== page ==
So this makes it harder because you must take extra care when removing the small screws that hold together everything that moves just to get to the sensor.
Which kitchen faucet is easiest to install?
Touchless faucets are generally easier and quicker to install than traditional pull-down or pull-out types.
You should be able to get a full working touchless kitchen faucet installed within 1-2 hours if you have the necessary tools, parts, and instructions from your supplier. You can do it all by yourself if you know what you're doing which is why many people prefer them over other types of faucets.
However, it's a good idea for you to read through the instructions first before beginning just in case there are any specifications or details that may make things easier during the installation phase.
Knowing all these details ahead of time should help you plan out your day to avoid running into any frustrations when something doesn't work like it's supposed to – due to an issue that could have been avoided if you were aware of it ahead of time.
Is my current sink big enough for a touchless kitchen faucet?
When you're trying to determine whether or not your sink is big enough for a touchless kitchen faucet, you need to measure from front to back (not side to side).
You want just enough room so that it can fit snugly but leaving at least 3/4″ of space on each side. For example, if your current distance from one wall is 18″, then a 17 1/2″ wide sink should cover all the basics for installing a new touchless kitchen faucet.
What's the difference between pull-down and touchless?
In our opinion, there are three major differences; cost, installation, and time.
For one thing, a pull-down faucet is generally more expensive than a touchless version because you have to purchase the entire kit for installation, including any extra parts that may be necessary depending on your sink or existing plumbing lines.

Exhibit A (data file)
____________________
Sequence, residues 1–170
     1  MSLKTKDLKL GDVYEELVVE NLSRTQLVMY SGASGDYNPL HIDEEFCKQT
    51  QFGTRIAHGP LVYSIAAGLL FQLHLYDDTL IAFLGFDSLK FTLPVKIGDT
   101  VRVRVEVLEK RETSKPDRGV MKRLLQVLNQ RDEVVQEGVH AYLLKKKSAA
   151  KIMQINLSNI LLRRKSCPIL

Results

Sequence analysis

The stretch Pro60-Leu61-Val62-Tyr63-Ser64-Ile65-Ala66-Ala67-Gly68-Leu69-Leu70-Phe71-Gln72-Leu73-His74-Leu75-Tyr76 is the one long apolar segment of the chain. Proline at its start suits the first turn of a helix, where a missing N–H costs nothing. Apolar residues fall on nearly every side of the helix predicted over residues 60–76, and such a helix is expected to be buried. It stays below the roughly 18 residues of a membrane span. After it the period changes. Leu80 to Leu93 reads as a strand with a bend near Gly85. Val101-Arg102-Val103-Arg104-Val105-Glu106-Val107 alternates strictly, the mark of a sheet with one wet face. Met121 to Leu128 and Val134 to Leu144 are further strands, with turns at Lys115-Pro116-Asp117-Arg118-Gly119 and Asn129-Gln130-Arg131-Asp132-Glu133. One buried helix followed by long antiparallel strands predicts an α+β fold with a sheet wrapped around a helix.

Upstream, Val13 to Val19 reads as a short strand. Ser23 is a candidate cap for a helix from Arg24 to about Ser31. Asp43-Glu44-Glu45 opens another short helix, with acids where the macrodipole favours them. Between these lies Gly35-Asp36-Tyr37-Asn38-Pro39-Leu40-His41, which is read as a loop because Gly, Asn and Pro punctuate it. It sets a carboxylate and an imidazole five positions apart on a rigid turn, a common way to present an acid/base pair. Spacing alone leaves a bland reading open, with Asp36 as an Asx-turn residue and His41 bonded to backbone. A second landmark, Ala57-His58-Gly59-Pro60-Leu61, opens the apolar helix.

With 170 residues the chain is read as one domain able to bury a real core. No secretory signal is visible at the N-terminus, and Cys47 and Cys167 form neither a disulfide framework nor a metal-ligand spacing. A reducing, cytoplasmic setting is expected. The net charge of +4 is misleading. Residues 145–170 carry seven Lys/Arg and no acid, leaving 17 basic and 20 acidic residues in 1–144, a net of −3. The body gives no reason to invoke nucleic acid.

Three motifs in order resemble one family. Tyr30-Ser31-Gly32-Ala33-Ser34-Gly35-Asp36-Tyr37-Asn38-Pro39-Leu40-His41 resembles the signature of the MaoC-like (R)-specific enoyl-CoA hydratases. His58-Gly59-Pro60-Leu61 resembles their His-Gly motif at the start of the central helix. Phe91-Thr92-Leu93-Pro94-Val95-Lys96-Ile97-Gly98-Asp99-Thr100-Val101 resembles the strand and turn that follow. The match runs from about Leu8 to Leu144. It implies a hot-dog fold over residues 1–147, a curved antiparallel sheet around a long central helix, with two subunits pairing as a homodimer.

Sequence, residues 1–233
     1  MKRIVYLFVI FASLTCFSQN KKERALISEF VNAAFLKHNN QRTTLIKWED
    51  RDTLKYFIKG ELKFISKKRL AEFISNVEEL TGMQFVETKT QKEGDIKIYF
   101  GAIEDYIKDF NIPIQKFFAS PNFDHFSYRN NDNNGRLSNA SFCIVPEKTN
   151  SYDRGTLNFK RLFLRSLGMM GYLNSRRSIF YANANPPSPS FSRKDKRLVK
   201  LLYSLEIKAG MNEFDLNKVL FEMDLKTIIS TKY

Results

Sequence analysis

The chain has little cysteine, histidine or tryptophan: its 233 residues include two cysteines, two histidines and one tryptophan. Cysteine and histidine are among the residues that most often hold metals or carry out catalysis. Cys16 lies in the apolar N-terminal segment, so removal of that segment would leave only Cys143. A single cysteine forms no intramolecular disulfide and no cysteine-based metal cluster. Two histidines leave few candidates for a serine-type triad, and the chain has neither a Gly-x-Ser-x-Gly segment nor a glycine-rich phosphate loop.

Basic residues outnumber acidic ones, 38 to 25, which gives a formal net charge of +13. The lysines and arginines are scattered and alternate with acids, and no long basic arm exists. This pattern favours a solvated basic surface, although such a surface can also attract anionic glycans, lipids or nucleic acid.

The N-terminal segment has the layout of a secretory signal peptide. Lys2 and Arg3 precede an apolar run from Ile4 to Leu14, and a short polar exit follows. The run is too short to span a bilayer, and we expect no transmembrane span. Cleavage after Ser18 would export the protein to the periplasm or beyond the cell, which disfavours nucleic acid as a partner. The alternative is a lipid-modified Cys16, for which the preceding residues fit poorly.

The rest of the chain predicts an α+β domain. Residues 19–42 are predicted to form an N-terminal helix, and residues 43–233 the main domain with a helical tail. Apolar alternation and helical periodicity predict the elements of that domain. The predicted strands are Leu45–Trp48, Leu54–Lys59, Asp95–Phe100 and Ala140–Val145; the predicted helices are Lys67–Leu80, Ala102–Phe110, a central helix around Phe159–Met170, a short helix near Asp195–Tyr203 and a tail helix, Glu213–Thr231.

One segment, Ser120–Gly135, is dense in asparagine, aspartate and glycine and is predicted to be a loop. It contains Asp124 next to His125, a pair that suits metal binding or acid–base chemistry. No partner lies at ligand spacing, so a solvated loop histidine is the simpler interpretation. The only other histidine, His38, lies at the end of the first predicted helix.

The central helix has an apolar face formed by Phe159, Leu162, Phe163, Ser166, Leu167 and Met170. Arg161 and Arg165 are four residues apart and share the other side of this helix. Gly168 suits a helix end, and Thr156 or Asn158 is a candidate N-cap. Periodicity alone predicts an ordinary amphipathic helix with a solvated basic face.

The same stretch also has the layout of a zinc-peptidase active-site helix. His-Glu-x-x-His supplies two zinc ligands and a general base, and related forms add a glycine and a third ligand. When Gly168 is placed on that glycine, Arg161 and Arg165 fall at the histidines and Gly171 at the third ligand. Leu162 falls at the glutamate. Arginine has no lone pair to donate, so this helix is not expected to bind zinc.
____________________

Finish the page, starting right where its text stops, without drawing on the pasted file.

On top of that, you will most likely need to hire professional plumbing help which means additional costs and time commitments. In contrast, installing a touchless kitchen faucet only requires purchasing the actual faucet itself along with some optional parts like Installation kits or add-ons, etc.
You can install it yourself using common tools found in every household toolbox. But if you don't feel comfortable doing it by yourself or are lacking the proper knowledge; then searching up an expert could be your best bet.
Are touchless faucets reliable?
Touchless faucets are as reliable as traditional pull-down ones.
The biggest difference is the technology used to make them function and how they work which can be complicated enough (depending on your skill level) to have an expert handle the installation for it to operate effectively. If your touchless kitchen faucet isn't working, then some common problems that you may run into include low batteries or troubleshooting using sensors. All these issues are usually an easy fix and can be solved without having to call in a professional plumber for assistance.
However, another possible reason why your sink might not be functioning properly is due to the wiring inside so if this happens you'll probably want to call your supplier or manufacturer directly instead of doing it yourself since they may require a replacement or additional parts to make it function properly.
Can I cut down my water bill with a touchless kitchen faucet?
Yes, you can save money on your water bill and still enjoy the convenience of using your touchless kitchen faucet.
The amount of water being used will depend mainly on how many times you use it in one day along with the pressure level that is normally set by default but if you find yourself running into issues where it's not saving as much as hoped for; then there are some ways to adjust this setting so that it becomes more efficient while also making sure the quality of the water doesn't get affected – which would be counterproductive in reducing your overall expenses.
However, unlike other models where the pressure level can only be controlled by an external adjuster; some touchless kitchen faucets use a boost button for extra strength if you need it.
In other models, the water flow is set to come out stronger by default unless you change it manually which would make this option unnecessary in those types of sinks.
Final thoughts on installing a touchless kitchen faucet
In conclusion, installing a touchless kitchen faucet doesn't have to be so difficult or impossible as long as you take your time and know what you're doing.
As previously mentioned, some models have simpler installation methods than others which is why it's best to research each model before purchasing one. In the end, there should only be minimal tools necessary for someone with basic knowledge of plumbing and electrical wiring; such as screwdrivers, wire cutters/strippers, etc.
There may even be cases where parts come partially assembled, allowing for easier installation processes along with more compact packaging while lowering costs in shipping fees since less space is consumed during transit.